I don’t think anyone in our troop has come close to doing this much hiking, but we do have a group currently training for Philmont, so maybe they will make these goals.
Geocaching Merit Badge
The word geocache is a combination of “geo,” which means “earth,” and “cache,” which means “a hiding place.” Geocaching describes a hiding place on planet Earth—a hiding place you can find using a GPS unit. A GPS (Global Positioning System) unit is an electronic tool that shows you where to go based on information it gets from satellites in space.
Printable helps for requirements:
The latest Scouts BSA requirements for Tenderfoot and Life ranks require the Scout to use the EDGE method. This is a four step method for teaching a skill. It is sometimes called Scouting’s Teaching EDGE.
While working on the Geocaching merit badge, Scouts learn to safely find and record geocaches. A geocache is a place you can find using a GPS (Global Positioning System) unit. Usually there is a place to log your find and sometimes leave or take a small trinket. It is a fun way to learn to navigate using GPS.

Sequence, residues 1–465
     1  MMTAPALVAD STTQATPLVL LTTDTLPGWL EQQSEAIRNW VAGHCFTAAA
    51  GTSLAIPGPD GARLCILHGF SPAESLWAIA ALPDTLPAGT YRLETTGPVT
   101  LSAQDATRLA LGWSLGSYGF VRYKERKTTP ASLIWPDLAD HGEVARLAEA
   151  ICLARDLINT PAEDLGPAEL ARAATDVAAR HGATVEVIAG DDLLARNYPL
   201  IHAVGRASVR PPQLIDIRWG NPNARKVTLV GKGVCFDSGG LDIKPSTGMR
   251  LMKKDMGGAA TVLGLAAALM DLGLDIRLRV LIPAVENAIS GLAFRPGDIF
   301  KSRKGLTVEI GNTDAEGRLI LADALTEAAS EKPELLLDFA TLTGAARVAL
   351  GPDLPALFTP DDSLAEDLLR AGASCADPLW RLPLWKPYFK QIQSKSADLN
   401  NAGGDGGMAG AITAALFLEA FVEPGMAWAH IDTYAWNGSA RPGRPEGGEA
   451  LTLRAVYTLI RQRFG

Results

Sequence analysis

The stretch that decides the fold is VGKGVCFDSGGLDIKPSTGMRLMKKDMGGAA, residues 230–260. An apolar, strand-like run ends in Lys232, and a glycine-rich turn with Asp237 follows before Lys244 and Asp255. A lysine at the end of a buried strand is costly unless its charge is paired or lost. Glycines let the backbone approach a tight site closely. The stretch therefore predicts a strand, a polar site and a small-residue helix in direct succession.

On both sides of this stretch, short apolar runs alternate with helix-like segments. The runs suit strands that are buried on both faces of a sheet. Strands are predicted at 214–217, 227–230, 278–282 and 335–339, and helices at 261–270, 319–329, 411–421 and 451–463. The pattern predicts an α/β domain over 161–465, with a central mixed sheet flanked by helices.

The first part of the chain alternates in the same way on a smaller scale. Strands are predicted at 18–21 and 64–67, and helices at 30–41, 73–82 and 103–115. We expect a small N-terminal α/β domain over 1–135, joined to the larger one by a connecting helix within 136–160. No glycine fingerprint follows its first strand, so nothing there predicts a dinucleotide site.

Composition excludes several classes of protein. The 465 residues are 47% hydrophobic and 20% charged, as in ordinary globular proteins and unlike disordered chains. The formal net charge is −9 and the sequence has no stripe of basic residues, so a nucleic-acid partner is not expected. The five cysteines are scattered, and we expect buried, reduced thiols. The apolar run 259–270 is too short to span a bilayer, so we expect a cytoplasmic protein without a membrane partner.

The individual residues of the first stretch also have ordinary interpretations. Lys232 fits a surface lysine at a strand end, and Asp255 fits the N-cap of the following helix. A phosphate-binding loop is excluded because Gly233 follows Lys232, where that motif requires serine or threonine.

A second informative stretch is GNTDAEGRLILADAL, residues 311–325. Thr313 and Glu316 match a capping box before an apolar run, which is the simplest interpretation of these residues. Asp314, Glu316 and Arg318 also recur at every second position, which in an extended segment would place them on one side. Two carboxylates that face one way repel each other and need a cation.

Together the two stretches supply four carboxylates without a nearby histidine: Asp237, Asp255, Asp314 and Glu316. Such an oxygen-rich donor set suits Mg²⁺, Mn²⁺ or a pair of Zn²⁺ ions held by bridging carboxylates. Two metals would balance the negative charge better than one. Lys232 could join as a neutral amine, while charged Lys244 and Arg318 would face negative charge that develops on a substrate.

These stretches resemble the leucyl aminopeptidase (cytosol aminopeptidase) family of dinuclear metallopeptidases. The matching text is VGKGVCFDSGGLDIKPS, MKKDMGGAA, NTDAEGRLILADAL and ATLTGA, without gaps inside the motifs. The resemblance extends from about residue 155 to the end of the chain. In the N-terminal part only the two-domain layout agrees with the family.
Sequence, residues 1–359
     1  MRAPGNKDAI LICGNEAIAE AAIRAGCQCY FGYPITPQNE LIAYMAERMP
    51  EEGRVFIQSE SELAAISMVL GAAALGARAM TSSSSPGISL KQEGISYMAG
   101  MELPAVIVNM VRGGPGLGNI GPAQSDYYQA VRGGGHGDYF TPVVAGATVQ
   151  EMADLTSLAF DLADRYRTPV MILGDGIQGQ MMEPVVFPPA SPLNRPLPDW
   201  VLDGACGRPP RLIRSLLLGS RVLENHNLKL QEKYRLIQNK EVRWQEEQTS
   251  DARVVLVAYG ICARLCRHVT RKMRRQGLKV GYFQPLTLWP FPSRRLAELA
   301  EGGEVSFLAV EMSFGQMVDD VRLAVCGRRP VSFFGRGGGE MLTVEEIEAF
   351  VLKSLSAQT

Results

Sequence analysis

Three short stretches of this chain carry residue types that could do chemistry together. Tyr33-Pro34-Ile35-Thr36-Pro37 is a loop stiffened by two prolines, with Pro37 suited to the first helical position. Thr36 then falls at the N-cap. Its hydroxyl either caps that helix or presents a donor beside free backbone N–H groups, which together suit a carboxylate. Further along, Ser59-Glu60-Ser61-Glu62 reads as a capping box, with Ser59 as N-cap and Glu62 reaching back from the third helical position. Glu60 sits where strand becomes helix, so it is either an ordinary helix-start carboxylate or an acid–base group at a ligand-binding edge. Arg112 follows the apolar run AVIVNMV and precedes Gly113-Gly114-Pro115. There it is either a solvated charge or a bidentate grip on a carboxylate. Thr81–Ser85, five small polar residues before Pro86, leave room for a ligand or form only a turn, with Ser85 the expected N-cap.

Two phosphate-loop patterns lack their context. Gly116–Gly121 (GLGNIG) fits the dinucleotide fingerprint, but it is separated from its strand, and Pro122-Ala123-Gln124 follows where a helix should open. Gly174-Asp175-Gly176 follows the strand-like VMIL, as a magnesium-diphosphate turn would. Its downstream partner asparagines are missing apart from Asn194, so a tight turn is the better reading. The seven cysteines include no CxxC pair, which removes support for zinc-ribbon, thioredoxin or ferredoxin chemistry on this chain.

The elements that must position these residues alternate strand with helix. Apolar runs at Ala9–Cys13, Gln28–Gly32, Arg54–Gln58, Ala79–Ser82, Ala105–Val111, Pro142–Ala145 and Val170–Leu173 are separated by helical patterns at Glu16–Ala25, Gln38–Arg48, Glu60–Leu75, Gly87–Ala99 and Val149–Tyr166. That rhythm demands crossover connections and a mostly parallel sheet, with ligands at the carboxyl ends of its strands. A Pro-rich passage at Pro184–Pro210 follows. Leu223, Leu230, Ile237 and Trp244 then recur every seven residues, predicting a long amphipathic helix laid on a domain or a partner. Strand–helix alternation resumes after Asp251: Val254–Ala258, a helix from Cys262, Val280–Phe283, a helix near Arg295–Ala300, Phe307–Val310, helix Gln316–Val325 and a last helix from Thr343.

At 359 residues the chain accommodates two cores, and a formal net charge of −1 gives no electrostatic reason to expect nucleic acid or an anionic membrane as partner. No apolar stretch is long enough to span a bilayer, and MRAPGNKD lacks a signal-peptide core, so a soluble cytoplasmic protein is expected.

If you are out with a goal oriented group and you want them to take some time to explore, consider adding one or more additional hiking activities.
The Thomas Alva Edison Supernova Award is the silver (second) level Supernova Award for Scouts BSA. To earn this award, Scouts must earn the Dr. Bernard Harris Supernova award, one additional Nova award, and four additional Nova approved STEM related merit badges. They must also complete two additional Supernova activities.
The Dr. Bernard Harris Supernova Award is the bronze (first) level Supernova Award for Scouts BSA. To earn this award, Scouts must earn three Nova awards, the Scholarship merit badge, and four Nova approved STEM related merit badges. They must also complete two Supernova activities.